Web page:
In her preface, Eddo-Lodge explains that she finds it difficult to converse with white people about race because they tend to become either disinterested, defensive, or deflective. Because race is a topic that largely does not affect white people, the author feels that they instead try to turn the conversation around to focus on things from their perspective, and by doing so they shut out the minority viewpoint. On one hand, I completely agree. I have attempted to have conversations about race with my family and friends and the results have been uncomfortable at best or aggressive at worst.

On the other hand, it is generally difficult for humans  to imagine a viewpoint outside of their own. Sympathy and empathy are developed by asking ourselves that age old question, “How would I feel if this happened to me?” By asking that question it seems only natural that one would need to use their own life experiences as a lens through which to view the question. In order to open a dialogue about race and racism in the modern world, we first have to view the world through our own lens and come to an understanding before we can attempt to view the world through the lens of another. If Reni Eddo-Lodge wants to have a conversation about race and racism, this would be a good place to start. But, in this reader’s opinion, she doesn’t want to open a dialogue. She wants to lecture.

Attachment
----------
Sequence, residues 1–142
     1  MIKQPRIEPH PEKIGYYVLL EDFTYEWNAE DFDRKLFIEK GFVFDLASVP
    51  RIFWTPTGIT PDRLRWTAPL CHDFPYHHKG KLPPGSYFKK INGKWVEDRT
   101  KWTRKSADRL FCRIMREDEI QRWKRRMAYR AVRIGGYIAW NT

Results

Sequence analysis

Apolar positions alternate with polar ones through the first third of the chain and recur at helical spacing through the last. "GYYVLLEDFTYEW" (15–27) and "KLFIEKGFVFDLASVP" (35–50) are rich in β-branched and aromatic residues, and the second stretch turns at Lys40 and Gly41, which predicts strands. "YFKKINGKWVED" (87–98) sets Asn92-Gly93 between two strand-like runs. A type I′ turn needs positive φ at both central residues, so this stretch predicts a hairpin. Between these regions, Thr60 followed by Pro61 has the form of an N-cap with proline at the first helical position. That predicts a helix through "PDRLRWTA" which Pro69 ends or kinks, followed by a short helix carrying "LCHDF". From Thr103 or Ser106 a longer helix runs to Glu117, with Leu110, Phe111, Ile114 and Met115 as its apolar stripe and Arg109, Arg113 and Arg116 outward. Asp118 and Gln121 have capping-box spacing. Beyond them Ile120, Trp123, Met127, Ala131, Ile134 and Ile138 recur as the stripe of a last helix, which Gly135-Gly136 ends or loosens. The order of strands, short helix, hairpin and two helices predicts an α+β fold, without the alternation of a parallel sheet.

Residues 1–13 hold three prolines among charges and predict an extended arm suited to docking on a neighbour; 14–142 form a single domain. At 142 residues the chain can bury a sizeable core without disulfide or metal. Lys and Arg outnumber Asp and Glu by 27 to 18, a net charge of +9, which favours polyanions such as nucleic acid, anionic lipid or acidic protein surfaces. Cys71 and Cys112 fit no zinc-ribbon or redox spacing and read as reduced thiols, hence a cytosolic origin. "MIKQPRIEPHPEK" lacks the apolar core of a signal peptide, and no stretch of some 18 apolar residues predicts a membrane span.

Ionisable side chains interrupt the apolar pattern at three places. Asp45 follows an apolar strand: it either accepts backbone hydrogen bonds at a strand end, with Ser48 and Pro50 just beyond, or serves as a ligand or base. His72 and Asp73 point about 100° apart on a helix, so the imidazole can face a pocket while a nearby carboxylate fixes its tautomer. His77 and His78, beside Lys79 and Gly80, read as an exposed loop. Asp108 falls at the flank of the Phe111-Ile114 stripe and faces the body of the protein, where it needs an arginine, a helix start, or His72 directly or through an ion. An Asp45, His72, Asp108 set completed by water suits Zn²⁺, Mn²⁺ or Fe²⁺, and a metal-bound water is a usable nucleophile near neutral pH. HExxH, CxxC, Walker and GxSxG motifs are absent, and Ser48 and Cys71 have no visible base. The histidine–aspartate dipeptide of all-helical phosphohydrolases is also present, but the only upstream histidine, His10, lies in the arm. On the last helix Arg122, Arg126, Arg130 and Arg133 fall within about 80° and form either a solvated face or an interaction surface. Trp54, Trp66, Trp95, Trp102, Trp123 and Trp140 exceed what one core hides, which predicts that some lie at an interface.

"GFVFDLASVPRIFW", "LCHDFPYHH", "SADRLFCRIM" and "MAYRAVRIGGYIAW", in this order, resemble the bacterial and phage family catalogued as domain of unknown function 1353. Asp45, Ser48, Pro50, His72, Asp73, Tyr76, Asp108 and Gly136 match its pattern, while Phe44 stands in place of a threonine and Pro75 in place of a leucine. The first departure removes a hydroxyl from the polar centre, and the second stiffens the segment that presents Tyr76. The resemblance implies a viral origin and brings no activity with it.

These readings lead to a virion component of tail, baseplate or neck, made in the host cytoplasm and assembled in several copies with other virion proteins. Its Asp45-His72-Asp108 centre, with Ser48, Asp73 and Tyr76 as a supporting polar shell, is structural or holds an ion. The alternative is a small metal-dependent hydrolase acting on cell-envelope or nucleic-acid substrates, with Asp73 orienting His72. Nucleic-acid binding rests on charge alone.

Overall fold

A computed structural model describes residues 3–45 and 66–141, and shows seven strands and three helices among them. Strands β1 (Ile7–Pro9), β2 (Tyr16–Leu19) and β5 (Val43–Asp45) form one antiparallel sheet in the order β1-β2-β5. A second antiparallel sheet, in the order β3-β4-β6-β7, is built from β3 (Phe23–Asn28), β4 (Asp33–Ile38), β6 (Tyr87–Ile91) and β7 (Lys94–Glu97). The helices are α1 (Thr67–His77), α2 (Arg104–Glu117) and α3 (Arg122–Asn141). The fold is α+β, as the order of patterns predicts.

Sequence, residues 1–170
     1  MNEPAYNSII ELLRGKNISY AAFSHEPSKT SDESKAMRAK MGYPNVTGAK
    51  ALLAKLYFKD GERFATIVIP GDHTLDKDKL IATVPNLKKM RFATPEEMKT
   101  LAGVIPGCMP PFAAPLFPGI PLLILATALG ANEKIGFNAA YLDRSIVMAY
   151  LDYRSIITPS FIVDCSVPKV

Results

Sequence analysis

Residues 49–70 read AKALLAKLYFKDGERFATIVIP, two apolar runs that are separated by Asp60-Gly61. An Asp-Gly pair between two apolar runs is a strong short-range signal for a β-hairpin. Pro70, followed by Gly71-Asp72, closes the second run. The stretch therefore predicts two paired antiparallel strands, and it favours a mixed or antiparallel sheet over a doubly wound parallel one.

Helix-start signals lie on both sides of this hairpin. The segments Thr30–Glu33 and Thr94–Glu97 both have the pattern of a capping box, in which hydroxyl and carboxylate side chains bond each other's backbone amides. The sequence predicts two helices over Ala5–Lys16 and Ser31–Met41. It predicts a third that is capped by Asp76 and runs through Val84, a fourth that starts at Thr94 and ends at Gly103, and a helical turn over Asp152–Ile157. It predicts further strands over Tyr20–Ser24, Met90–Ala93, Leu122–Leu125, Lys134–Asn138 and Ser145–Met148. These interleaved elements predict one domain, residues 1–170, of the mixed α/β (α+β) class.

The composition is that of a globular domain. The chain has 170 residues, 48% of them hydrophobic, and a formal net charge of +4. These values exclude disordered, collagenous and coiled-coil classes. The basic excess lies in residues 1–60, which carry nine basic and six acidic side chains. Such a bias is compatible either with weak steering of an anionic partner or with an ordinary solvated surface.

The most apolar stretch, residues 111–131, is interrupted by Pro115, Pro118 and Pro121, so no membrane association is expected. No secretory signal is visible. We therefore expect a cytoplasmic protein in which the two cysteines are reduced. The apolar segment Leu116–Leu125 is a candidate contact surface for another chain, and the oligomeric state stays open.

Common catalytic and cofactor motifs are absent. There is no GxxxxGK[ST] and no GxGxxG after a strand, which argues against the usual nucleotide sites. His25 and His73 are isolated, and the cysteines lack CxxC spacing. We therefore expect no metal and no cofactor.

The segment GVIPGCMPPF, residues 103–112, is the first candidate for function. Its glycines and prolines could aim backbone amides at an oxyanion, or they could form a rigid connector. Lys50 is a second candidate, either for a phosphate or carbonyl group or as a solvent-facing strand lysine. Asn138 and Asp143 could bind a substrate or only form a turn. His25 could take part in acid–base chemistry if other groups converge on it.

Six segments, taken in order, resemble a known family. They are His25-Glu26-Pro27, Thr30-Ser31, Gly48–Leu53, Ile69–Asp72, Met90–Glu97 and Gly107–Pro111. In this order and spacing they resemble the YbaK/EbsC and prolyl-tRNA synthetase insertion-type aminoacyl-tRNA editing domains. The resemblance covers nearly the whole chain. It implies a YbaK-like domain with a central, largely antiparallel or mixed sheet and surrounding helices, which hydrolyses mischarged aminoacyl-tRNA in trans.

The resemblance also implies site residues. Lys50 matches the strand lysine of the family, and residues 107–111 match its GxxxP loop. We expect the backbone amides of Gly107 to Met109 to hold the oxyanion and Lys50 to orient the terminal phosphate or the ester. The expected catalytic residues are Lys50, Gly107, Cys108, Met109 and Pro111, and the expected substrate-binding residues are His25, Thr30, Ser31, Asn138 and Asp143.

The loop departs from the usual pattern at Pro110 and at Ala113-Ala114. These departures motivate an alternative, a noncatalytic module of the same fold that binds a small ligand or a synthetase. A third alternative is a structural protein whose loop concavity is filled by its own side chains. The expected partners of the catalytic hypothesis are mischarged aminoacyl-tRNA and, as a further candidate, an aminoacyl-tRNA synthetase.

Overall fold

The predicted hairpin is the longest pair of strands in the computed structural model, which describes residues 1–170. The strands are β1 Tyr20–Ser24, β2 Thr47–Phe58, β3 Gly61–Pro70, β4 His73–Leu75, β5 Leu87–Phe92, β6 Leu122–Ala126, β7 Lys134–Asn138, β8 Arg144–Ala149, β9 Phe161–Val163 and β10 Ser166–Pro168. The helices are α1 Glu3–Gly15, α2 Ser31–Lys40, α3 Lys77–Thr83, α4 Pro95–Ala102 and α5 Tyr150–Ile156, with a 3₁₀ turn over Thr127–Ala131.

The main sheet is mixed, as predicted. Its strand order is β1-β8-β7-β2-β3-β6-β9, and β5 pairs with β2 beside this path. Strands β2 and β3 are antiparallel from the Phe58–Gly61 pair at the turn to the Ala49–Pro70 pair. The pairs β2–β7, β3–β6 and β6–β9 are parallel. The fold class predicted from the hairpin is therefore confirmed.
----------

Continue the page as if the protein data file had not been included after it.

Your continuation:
Right away, I hear voices in my head saying that I missed the entire point of the book and that I can never understand because I am white. However, I am simply referring to the preface. I actually found the majority of the book to be thought-provoking and insightful. My initial interest was sparked when I found out that it was focused primarily on race in Britain. When it comes to racially charged controversy, so much of the attention is focused on the United States that one tends to forget that it is alive and thriving in other areas as well. In her first essay, “Histories”, Eddo-Lodge points out that while Great Britain greatly benefited financially from the slave trade, they never had to witness the horrors of slavery at their doorstep, due to most of their “assets” being shipped to the Caribbean islands. So while America continues to deal with the aftershocks of slavery and segregation, Britain has allowed itself a certain level of moral superiority that it certainly hasn’t earned. Eddo-Lodge goes on to detail the difficult and violent history of racial minorities and immigrants in England, particularly when it comes to police violence and mob mentality.